The Zodiac was not imported from the West around the second century A.D. because it was already mentioned in Parashara Rishi's work around the end of the Dvarpara Yuga/beginning of Kali. And Viraha Mihir mentions the Zodiac in his Brihat Jataka during Greek times. If Vedic astrology is typically referred to as Parashari astrology by the Hindus, (i.e., that's what it is, the astrology of Parashara), then how come Dieter Koch doesn't seem incorporate who Parashara was, what Parashara wrote, and what the implications are? Someone familiar with Parashara can't make the statements that Dieter Koch has made.
Another thing that Dieter Koch has mentioned in his book is that: "Also later, when Indian astronomy had progressed further and the speed of precession was roughly known, astrologers did not consider to use a tropical zodiac."
Well, if Vedic astrology comes to us via the disciplic succession as a set system, then how is would it be that astrology would progress and something would be added? The Surya Siddhanta gives us a fixed, sidereal Zodiac and, according to the parampara concept, we want to adhere to the original system.
As far as the true starting point of that zodiac, there can be some difference of opinion among scholars of as much as 3* (three degrees); granted. But, among working astrologers who look at horoscopes everyday, there is not such a difference of opinions, not much. At any rate, it is not that the scholars hand down a calculation, and then the astrologers work with it. They practically see what works and what doesn't. For example, let's say that an astrologer looks at the horoscope of a friend, and sees that 28* of Cancer was on the ascendant when this friend was born. But the astrologer thinks, "hmmm … Cancer is such a passive, feminine, maternal and caring sign. How could my friend be a Cancer rising? He is so aggressive, bossy and autocratic. But Leo the Lion is just two degrees away. Could it be that he is really a Leo, and that this ayanamsha just isn't exactly right?" And then the astrologer would experiment with an ayanamsha that is a few degrees different. There are several different scenarios that would alert an astrologer to a bad ayanamsha, especially scenarios involving the calculation of the planetary periods. In India, the astrologers have had a few thousand years to work on this issue, observing and then making adjustments. There is a silent majority out there that does just fine with Lahiri.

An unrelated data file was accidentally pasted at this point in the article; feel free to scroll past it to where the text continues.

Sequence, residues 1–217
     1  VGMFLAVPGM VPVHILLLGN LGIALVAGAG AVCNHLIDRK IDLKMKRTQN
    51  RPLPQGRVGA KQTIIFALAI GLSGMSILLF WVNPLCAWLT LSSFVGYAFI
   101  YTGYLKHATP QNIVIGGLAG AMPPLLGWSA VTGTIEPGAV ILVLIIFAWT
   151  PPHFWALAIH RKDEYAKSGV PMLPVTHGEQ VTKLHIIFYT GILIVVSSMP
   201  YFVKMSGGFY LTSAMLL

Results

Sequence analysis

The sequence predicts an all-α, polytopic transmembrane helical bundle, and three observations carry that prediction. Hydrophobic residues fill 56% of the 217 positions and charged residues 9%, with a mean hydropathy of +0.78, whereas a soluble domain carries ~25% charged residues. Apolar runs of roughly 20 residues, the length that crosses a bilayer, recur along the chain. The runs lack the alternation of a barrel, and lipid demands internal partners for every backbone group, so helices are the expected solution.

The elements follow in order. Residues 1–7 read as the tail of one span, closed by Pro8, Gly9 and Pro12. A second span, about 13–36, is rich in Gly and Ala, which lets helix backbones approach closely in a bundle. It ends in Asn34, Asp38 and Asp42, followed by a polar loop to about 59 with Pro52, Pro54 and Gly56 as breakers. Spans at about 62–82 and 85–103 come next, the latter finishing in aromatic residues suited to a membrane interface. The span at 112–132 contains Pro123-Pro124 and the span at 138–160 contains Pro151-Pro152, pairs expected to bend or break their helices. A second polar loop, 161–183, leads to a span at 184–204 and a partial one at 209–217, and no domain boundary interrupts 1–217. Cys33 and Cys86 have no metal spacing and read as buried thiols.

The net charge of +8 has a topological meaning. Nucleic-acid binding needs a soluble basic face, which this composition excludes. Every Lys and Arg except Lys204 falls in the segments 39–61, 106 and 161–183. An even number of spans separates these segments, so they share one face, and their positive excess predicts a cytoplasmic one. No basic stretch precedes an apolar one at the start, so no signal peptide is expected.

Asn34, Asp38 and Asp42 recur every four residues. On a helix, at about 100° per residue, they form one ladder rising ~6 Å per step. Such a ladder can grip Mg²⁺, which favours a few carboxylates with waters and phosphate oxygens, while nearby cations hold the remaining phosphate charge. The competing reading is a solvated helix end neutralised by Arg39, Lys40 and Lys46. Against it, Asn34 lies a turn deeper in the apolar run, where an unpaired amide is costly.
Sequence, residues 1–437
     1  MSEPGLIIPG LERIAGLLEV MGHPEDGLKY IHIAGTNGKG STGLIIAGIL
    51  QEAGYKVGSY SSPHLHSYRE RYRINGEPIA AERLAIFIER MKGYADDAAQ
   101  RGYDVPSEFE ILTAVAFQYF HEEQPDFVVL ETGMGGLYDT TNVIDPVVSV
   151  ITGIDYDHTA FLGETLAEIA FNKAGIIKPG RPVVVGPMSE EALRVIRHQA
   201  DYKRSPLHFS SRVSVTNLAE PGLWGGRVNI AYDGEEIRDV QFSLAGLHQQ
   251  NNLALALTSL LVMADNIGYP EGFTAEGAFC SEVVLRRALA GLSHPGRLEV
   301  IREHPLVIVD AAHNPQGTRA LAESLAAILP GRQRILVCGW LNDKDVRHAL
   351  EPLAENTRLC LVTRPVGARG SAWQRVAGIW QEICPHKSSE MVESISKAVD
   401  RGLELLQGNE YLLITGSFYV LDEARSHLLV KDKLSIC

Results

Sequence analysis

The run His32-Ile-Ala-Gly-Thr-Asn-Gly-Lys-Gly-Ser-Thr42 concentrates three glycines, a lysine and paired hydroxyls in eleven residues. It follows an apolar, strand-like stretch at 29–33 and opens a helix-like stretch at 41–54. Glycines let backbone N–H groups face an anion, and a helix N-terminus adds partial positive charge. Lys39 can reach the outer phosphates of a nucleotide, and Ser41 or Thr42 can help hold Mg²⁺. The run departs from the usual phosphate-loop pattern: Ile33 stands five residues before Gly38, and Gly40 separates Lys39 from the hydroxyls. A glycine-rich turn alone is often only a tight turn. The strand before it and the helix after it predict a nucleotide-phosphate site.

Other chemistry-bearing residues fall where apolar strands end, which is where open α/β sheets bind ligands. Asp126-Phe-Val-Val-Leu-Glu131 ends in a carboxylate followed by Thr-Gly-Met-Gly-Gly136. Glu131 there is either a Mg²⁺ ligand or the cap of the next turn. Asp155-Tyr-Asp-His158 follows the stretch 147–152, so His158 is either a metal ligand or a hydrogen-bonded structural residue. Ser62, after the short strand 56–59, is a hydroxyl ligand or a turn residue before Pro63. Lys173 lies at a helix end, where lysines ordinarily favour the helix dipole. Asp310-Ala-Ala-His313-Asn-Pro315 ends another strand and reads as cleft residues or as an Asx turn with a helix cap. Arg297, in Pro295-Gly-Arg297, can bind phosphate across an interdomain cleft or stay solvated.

About the descriptions typically offered in the Vedic literature about the zodiacal signs and the placement of planets within them, Dieter Koch wrote: "The briefness and disorder in the texts are symptomatic of the low importance that is given to the interpretation of zodiac signs in India."
But this is just his interpretation. How about interpreting that the nature of the signs and sign placement were already known to astrologers and that those were the first and simplest things that astrologers would learn back then. And the tradition was mostly oral anyway. What we could surmise is that the brief descriptions might just highlight some of the more unusual traits, or that the descriptive shokas might just have been written according to rhyme and meter of Sanskrit poetry, with no real need for completeness.
Do any of the readers remember the expression "If you had half a brain, you'd be dangerous." It seems the author of the book Vedic Astrology, Critically Examined, Dieter Koch, read three books, hung his professional shingle, and presented himself as knowing enough to be an expert and make a critique. I really think Dieter is very much mistaken and incomplete in his comments, unfortunately. (So why did Gaurakishore das send his book to us???)
I could take issue with a few more points, but I hope that the reader gets the general idea by now. Which brings us to …